Tuesday, July 2, 2013
Have you noticed the overwhelming (and often incorrect) avoidance of the word, "me?" As in, "______ and me." People won't say it. It's particularly apparent on bad TV (read: "The Bachelor"). "Me!" I shout over and over again while watching said bad TV. "It's okay to say me! Me is correct! Me is the word you're looking for! Take away the other person, what would you say? Would you say, 'The ball came to "I?"' No, you would not! That would sound ridiculous! So don't say, 'The ball came to _______ and I! PLEASE!!!"
Wil called me on it the other day. I correctly said "me" and he said, "You're supposed to say, I."
I about took his head off. (He is also a stickler for the proper use of "whom." I don't even know what to make of a boy who seems to have this down perfectly, and well, other things, not so much.)
While I was very, very busy gloating over my full understanding of this grammatical rule that seems to allude 90% of the population, I came upon these stacked rocks. They were on a boulder that was amongst other boulders, in a little rock garden part of an apartment building complex in a busy, hip, happening part of Portland. The rock garden is next to a restaurant and apparently people get their food and some come and sit there, play with the rocks, and someone(s) stacked them up all Zen-like. Because there are no accidents, I was sitting in the rock garden enjoying a lovely iced latte on a hot summer day, when the owner of the apartments/rock garden, drove up. I actually know the owner, he's a friend of STM's. He was stopping by to check on things, and we got to talking.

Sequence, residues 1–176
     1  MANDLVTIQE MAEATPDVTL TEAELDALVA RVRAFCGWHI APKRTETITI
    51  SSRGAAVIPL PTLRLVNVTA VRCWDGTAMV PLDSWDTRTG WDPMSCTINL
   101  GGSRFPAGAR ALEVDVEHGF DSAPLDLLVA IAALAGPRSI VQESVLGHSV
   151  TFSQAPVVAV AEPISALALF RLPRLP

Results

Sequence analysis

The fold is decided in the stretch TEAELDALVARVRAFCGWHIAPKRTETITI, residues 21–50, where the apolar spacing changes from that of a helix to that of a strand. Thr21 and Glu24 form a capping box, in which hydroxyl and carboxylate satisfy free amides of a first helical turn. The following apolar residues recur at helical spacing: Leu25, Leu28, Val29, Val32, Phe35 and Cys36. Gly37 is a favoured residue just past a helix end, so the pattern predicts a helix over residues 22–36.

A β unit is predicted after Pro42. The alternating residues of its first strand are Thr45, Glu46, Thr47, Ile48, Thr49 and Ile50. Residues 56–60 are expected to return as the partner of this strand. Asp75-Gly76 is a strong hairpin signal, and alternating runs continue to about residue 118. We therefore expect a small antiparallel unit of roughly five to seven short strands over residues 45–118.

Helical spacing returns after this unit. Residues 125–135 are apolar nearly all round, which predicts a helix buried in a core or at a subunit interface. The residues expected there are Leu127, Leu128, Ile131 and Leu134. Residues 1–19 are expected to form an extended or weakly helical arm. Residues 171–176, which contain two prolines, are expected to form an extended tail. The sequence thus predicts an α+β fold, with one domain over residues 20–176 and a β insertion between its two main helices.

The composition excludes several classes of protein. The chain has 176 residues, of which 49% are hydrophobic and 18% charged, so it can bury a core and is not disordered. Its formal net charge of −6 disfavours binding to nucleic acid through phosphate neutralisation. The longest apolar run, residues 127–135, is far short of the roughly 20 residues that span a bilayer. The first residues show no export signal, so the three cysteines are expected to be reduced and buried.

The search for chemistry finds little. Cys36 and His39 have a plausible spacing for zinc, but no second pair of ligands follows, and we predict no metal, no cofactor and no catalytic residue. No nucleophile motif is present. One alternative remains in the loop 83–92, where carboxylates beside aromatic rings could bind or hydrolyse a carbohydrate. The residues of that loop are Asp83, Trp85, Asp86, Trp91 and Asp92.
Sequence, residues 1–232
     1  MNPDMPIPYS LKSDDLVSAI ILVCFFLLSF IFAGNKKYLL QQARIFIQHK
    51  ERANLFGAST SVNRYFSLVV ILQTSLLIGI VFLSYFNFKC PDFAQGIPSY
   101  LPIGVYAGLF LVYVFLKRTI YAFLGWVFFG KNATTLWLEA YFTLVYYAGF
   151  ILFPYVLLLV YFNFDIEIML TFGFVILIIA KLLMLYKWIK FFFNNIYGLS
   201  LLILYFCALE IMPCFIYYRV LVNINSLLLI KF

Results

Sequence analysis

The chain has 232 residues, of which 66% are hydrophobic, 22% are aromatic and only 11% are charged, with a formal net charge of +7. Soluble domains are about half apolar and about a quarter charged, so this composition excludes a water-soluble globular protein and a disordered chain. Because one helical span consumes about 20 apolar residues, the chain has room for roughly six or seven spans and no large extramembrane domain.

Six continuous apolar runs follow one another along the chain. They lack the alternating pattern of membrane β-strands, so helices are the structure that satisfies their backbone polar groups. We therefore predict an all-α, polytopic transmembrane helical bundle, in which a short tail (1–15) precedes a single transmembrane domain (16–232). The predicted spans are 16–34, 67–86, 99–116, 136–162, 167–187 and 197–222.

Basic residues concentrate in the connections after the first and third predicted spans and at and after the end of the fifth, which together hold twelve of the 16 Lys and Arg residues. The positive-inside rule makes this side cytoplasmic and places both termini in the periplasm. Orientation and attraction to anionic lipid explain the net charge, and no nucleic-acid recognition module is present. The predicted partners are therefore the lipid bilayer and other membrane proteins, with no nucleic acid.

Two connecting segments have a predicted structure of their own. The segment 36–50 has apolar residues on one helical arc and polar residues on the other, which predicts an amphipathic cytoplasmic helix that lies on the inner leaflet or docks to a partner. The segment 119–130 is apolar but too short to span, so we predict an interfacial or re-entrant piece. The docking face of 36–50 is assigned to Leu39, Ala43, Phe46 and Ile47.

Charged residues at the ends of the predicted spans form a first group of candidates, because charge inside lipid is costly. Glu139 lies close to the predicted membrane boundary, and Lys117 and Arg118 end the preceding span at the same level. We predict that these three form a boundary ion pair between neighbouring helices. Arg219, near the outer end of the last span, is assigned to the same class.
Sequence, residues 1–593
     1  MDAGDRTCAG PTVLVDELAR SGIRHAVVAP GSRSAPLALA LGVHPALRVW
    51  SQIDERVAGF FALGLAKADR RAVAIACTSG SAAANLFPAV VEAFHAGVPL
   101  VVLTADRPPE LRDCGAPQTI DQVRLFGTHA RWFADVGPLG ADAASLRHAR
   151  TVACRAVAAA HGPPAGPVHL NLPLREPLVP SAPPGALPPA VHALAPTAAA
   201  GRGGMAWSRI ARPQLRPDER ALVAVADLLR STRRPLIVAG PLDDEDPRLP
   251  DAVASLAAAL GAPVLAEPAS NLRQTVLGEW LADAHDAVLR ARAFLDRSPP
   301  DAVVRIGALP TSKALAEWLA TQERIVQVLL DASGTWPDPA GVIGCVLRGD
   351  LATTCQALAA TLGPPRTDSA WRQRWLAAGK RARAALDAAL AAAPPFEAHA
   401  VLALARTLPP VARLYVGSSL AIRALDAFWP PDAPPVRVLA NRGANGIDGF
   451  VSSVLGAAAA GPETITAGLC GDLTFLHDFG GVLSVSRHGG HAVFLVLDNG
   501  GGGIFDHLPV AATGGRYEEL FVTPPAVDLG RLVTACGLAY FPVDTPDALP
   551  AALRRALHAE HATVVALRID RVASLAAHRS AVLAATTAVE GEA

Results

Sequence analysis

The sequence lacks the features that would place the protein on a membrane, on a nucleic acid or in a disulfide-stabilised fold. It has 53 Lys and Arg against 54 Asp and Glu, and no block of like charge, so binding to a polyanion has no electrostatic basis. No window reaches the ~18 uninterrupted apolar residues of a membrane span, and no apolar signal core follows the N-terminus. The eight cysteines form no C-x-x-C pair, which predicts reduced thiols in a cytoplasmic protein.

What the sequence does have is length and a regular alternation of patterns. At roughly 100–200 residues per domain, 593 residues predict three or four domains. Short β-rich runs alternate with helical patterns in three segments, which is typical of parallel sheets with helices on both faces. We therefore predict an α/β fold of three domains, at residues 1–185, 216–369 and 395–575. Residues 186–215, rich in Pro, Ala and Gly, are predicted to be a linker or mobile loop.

"I like the new rock garden," I said, "and I'm crazy about the stacked rocks, so cool!"
"Yea, very groovy," he said. He started telling me about how he might add one of those Little Free Libraries, or better yet, a rock exchange. "Leave a rock, take a rock, it could be really groovy!" he said, repeating his favorite word.
He then jumped to the subject of marriage (if you knew him, you'd know that jumping wildly from point to point in a conversation is very typical). "The thing about marriage is," he said, "there's no place for me or I."
"You're so right," I said. And I meant it. And I knew that whomever was spending their days stacking rocks was making a whole lot better use of their time than I was, worrying about other people's use of "me" or "I." They don't have a place in marriage, and their grammatical use shouldn't be taking up space in my brain.